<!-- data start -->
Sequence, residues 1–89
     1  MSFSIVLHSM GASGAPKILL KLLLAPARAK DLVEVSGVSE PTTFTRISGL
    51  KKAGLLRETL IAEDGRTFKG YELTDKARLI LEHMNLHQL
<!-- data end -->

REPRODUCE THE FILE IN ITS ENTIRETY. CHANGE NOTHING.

Sequence, residues 1–89
     1  MSFSIVLHSM GASGAPKILL KLLLAPARAK DLVEVSGVSE PTTFTRISGL
    51  KKAGLLRETL IAEDGRTFKG YELTDKARLI LEHMNLHQL